Mac owners worried about anyone, from rogue hotel staff to prying partners, taking data from an unattended computers can now install an app that makes it harder to pull off a so-called “evil maid” attack.
The app, dubbed Do Not Disturb, monitors for certain macOS system events that could suggest a high likelihood that someone with physical access to the computer is about to steal data from the machine.
The alert system is built around the idea that a closed MacBook automatically goes into Sleep Mode and will be woken when the lid has been opened, which triggers a “lid-open” event in macOS log systems. If the owner isn’t present at the time the lid is opened, there’s a good chance an evil maid attack is underway.
The app was developed by former NSA hacker Patrick Wardle, who told Wired the idea for Do Not Disturb occurred on a business trip to Moscow during a Tinder date with a woman who revealed she was a former employee of Russia's Ministry of Foreign Affairs. Wardle wondered whether he’d been lured away from his hotel room so that someone else could physically access his computer.
Attackers with physical access have several options at hand to extract data from a MacBook, including a recently patched macOS blank password bug, generic attacks such as credentials captured from a hidden camera, or by targeting weaknesses available when devices connect through USB or Thunderbolt ports.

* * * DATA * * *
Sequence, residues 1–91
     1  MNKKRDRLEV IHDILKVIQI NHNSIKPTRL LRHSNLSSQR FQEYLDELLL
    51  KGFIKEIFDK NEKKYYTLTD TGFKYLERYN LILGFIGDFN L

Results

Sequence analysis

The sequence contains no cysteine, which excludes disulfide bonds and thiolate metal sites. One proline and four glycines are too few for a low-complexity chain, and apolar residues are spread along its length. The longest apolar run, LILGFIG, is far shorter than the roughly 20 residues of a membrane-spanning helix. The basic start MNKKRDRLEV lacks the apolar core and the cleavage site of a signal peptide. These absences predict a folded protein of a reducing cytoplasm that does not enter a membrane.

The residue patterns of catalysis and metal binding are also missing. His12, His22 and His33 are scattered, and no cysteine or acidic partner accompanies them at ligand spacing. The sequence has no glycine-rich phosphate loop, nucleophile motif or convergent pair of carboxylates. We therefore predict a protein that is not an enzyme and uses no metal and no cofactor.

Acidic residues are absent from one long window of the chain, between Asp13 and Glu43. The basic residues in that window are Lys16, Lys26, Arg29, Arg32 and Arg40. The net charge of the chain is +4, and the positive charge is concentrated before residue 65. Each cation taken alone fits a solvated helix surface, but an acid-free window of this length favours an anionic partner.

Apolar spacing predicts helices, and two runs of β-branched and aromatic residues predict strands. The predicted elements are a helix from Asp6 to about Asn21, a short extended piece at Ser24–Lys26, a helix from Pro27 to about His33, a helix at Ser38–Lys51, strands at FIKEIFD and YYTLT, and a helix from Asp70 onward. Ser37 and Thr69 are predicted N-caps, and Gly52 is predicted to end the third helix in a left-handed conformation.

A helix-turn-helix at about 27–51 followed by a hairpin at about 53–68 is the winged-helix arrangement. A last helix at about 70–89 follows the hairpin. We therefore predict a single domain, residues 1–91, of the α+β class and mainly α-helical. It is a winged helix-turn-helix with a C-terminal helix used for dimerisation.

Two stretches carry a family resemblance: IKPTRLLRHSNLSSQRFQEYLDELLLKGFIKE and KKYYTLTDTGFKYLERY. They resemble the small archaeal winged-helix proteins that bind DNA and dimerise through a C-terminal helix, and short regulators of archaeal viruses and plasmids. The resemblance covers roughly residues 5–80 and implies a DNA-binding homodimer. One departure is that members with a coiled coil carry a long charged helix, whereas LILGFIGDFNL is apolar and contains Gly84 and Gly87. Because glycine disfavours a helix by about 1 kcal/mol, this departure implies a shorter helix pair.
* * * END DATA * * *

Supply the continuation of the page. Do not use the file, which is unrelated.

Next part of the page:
Do Not Disturb (DND) will log all lid-open events on the machine, which can be sent to a companion iOS app available on the App Store. The iOS app isn’t required for Do Not Disturb on macOS to work but could be helpful in the event a MacBook owner with an iPhone is absent when someone else has opened their unattended computer.
“Quite simply, when the laptop lid is opened DND macOS creates a local notification to alert you to potential unauthorized physical access,” Wardle notes.
Users will need to go through a process to pair iOS and macOS devices and, according to Wardle, it may require some effort to set up. However, it is possible to pair multiple iOS devices with the macOS device that needs protection.
The iOS companion app comes with a free seven-day trial and after that it will be available as a subscription through the App Store.
The iOS app includes an active-defense feature that instructs a macOS laptop with Do Not Disturb installed to take a snap using its web cam. The picture is encrypted and sent back to the iOS app, which decrypts the picture.
Users can dismiss local event alerts or tell the macOS app to shutdown the computer in the same way holding down the power button would as well as trigger FileVault disk encryption if it’s enabled.
The macOS app can be tailored so that an attacker would not see the app’s icons in the status menu bar. Users can also disable remote actions from the iOS app.
Within the “actions” section of the macOS app, there is a choice to monitor for events after someone opens the lid, such as a USB and Thunderbolt device being inserted.